NEW YORK: Following feedback from publishers about Instant Articles, Facebook is revisiting its ad policies concerning the product, amid concerns that publishers are not generating as much revenue as anticipated.

Publishers who signed up to the Instant Articles program are struggling to make as much money from it as from posts on their own websites because of restrictions imposed by the social network, sources have told the Wall Street Journal.

The feature, which links articles to a user's News Feed and is supposed to load much faster than a standard webpage, was rolled out to all iOS devices last month.

However, publishers – including such big names as The Washington Post and New York Times – have been limited in what content they can link to Instant Articles.

Currently, each Instant Article is allowed only one 320 x 250 pixel banner for every 500 words of content whereas a publication's website would typically have three or four such placements in the equivalent space.

Furthermore, publishers are not allowed to use "rich media" animated or interactive ads and they cannot sell Facebook-only campaigns.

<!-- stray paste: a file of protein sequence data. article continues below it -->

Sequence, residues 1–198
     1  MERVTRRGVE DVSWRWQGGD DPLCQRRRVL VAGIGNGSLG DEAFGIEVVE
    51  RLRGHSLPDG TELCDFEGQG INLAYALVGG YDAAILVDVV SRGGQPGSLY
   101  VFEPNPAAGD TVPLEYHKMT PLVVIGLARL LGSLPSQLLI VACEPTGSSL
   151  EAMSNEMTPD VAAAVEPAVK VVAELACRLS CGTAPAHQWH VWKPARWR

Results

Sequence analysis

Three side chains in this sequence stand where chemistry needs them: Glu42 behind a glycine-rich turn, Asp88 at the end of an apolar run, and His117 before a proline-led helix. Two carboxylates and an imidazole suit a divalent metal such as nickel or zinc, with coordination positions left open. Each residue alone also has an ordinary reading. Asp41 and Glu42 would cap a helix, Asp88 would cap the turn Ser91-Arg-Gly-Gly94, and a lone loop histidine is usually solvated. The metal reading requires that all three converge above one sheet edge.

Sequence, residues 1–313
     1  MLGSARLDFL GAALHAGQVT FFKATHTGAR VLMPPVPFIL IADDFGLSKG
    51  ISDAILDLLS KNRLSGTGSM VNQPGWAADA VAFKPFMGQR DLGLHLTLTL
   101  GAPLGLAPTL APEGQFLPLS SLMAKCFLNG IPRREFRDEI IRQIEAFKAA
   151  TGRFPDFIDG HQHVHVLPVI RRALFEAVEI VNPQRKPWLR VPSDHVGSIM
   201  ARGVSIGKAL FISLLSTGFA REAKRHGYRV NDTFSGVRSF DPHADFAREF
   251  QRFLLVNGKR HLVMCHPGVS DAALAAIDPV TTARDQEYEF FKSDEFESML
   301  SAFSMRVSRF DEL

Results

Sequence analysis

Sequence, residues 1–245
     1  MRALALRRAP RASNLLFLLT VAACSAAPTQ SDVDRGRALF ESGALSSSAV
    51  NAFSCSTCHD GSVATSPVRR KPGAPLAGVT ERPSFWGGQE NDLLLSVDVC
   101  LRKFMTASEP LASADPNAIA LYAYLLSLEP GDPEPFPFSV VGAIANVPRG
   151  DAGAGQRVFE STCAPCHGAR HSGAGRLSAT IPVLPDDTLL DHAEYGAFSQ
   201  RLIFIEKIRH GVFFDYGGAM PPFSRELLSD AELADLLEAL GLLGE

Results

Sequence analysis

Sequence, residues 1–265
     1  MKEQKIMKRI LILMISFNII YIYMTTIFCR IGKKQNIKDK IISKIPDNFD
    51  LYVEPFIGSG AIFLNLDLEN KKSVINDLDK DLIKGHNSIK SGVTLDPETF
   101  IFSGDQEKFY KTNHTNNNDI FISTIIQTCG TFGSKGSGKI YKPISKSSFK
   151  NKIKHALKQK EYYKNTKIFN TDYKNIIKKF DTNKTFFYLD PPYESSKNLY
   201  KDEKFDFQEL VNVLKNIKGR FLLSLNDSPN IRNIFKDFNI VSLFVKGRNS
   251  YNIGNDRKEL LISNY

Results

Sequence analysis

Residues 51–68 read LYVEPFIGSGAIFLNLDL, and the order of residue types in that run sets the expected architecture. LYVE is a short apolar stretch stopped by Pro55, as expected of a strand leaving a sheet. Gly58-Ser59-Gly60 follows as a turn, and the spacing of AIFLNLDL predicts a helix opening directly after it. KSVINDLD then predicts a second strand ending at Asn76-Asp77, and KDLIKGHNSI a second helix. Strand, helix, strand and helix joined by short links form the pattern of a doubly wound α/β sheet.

While the publishers are reported to have confidence in the platform for the long-term because of the potentially huge scale of its reach, Facebook has accepted that it needs to address their immediate concerns.

Michael Reckhow, Facebook's product manager for Instant Articles, confirmed that changes to its ad policies are being tested, including allowing more ads per article and removing restrictions on ad formats.

"It's early days with Instant Articles, but one of our principles from the beginning has been to work collaboratively with our publishing partners to understand their needs and shape the product," he said.

"We're currently working closely with publishers to understand how their advertising in Instant Articles compares to the mobile web so we can deliver results, while maintaining a great reading experience for people.

"We've made numerous improvements to the advertising capabilities over the past few months and will continue to iterate based on publisher feedback to improve the product."

Data sourced from Wall Street Journal; additional content by Warc staff